7 barriers to hydrogen use in energy system flexibility: A UK stakeholder view – Daniel Murrant and Corentin Jankowiak

Comment by Daniel Murrant Networks and Energy Storage Practice Manager and Corentin Jankowiak Systems Engineer at Energy Systems Catapult

There is increasing acceptance that hydrogen has a role to play in the Net Zero energy system to support flexibility. However, there are likely to be barriers to deployment at the scale needed to deliver this role. Energy Systems Catapult and the University of Birmingham set out to identify and collate these barriers.

A series of interviews and analysis was undertaken towards the end of Q1 2023. Twelve organisations representing academia, industry, government, network operators and regulators made up the interviewees. This work is part of the Hydrogen Innovation Initiative (HII) Seed project, funded by Innovate UK.

Setting the scene 

Today, flexibility of the electrical system is dependent on the natural gas system, which provides energy on demand (to gas Combined Cycle Gas Turbines and embedded gas-engines). To meet Net Zero, increased electrification and replacement of fossil fuel generation by intermittent renewable energy, will lead to a change in the type and scale of energy system flexibility needed.

There is expected to be more input from demand side response, however, this has limits. So, the supply side will remain a critical element of energy system balancing. Interviewees felt that, as a gas, hydrogen would be a critical part of Net Zero energy system, able to provide the 10s of TWhs of energy storage currently largely provided by natural gas, and increasingly needed to provide security of supply covering wind troughs lasting a week or more.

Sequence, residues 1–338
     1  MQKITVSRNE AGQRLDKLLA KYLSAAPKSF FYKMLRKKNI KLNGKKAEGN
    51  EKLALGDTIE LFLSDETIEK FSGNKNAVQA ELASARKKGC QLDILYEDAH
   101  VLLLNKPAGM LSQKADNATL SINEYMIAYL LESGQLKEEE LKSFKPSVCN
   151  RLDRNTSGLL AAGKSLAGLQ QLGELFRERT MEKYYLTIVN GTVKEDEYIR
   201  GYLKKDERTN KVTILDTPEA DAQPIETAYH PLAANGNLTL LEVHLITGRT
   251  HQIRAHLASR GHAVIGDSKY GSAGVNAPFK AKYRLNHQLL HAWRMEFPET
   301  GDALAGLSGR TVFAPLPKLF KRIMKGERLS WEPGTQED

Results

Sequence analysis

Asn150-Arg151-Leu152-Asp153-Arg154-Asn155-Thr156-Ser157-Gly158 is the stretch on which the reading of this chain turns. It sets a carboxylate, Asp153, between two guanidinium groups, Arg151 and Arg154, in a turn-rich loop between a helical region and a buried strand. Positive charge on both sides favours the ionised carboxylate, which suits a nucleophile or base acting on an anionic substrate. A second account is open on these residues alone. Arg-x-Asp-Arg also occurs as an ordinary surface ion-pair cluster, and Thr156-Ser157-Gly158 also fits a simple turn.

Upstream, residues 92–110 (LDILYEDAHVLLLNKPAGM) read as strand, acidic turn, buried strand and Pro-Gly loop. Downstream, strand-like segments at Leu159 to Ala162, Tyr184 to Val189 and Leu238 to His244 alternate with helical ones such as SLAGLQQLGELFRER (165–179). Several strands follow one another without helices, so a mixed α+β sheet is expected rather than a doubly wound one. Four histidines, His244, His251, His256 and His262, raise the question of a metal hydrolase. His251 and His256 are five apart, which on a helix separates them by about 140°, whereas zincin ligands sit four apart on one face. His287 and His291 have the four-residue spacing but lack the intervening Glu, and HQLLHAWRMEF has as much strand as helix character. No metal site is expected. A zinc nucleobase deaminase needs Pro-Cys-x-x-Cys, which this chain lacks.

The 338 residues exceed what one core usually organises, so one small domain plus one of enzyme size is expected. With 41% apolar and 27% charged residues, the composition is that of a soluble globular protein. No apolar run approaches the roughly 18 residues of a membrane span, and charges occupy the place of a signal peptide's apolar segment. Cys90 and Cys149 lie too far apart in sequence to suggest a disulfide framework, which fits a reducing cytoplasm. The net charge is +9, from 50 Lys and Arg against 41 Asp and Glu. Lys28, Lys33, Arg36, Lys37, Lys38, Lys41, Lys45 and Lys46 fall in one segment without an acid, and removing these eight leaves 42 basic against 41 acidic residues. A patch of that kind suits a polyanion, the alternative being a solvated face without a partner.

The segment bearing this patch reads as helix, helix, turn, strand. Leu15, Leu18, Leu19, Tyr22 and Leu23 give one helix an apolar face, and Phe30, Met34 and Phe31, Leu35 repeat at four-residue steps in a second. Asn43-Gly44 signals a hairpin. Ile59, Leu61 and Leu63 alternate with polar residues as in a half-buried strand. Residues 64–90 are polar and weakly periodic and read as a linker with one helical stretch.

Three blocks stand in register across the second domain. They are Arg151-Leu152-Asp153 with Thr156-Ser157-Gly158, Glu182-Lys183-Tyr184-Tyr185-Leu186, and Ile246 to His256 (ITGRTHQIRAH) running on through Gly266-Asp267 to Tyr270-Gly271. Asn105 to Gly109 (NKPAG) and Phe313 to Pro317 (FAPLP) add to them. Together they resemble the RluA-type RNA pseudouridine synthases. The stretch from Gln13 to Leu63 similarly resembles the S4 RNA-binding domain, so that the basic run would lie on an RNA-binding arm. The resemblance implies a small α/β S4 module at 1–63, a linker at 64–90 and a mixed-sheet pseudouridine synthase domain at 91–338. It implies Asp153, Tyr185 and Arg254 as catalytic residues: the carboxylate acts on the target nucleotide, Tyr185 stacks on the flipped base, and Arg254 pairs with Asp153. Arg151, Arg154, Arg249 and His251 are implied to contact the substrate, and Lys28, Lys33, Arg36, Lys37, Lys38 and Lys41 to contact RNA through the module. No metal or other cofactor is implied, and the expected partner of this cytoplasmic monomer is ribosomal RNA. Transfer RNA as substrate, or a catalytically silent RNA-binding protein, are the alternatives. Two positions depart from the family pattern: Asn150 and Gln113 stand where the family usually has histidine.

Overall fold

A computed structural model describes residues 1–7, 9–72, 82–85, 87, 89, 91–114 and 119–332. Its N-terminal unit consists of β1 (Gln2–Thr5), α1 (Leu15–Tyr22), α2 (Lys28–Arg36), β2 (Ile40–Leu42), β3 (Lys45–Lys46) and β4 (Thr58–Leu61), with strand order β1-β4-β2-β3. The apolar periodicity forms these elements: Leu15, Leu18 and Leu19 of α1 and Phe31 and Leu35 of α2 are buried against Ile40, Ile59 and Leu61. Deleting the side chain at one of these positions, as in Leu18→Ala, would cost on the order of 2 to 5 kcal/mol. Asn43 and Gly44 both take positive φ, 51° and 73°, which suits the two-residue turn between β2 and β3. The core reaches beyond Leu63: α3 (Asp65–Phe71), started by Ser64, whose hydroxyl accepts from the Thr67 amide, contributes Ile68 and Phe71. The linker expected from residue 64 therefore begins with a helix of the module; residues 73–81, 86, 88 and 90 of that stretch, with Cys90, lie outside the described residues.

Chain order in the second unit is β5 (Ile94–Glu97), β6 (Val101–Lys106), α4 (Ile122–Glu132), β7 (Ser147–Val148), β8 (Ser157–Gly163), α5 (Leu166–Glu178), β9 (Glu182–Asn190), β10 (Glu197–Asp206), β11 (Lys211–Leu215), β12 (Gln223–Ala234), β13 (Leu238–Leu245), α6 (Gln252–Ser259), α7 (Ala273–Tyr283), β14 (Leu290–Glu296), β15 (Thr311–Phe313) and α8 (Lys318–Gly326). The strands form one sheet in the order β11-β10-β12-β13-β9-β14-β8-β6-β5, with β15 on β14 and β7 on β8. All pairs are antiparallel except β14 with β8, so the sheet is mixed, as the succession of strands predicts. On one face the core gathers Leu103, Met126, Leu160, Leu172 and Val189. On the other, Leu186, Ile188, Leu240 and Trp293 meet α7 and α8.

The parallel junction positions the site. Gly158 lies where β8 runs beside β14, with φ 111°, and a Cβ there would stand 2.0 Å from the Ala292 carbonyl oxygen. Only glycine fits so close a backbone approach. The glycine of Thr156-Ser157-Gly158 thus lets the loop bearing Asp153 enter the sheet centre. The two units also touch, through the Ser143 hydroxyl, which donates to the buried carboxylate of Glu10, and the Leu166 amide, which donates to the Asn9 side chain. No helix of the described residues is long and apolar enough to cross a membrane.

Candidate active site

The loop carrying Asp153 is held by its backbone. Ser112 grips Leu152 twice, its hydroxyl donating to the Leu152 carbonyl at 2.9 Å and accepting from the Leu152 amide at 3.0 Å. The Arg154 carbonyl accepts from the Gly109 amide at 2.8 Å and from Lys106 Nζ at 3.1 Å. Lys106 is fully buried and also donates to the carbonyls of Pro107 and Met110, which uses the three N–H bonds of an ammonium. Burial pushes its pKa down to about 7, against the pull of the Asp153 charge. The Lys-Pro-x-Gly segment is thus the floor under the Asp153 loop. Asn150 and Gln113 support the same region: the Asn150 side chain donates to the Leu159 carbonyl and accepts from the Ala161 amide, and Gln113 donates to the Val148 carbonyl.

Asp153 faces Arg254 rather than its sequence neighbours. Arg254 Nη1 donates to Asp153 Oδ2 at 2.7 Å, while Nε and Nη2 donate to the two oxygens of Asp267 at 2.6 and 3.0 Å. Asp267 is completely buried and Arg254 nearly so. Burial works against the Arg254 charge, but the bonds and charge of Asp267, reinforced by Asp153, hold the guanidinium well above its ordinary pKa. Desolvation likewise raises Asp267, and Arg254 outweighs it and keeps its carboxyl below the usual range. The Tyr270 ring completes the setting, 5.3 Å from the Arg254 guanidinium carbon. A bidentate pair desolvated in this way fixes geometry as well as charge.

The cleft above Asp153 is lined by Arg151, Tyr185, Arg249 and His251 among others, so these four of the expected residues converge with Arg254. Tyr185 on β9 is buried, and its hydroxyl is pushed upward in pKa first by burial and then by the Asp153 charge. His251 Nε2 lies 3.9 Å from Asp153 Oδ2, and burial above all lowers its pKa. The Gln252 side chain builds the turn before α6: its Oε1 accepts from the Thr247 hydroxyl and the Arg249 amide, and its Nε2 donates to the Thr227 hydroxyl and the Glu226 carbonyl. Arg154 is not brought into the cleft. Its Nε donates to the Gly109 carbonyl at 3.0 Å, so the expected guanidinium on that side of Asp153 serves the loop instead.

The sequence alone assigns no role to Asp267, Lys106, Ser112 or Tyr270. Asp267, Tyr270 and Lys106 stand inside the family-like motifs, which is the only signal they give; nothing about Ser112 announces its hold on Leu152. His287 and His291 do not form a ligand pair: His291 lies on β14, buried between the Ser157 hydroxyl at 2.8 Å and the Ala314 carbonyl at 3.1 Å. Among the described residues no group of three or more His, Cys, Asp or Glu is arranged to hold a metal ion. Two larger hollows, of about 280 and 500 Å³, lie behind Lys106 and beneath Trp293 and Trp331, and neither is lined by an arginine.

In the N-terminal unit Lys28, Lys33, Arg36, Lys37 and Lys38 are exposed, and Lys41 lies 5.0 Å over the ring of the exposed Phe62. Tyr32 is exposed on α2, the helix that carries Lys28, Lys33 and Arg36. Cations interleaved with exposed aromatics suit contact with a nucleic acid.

The UK Government should therefore “get on with” infrastructure to connect the initial centres of hydrogen supply and demand (the industrial clusters) and the development of hydrogen storage both on and offshore.

Seven Key Barriers:

Interviewees identified a broad range of barriers, many heavily interlinked. Seven themes, considered to be ‘Key Barriers’ were identified:

  1. Clear government direction and ambition: A lack of clear government direction on the role of hydrogen in the transition to Net Zero was felt to be a major barrier to early investment.
  2. Culture of decision and policy making: An industry culture of needs-driven investment, relatively low risk appetite, risk adverse decision making and failing to convert early innovation to business as usual was identified as a barrier to hydrogen development.
  3. Market and regulatory innovation for hydrogen storage and flexibility: A lack of meaningful market signals to value flexibility provided by the gas sector was felt to be a barrier.
  4. Education: The skills needed to scale up the deployment of hydrogen from the planning system, through to manufacture, installation, and end users were felt to be barriers.
  5. Coordination in planning across whole energy systems: Whole systems planning, and co-ordinated delivery was not felt to be happening in any meaningful way. Revised governance and regulation are needed to make this happen.
  6. Standards and standardisation: A lack of standards can be a barrier to the hydrogen transition, and increasing standardisation can help to drive down costs.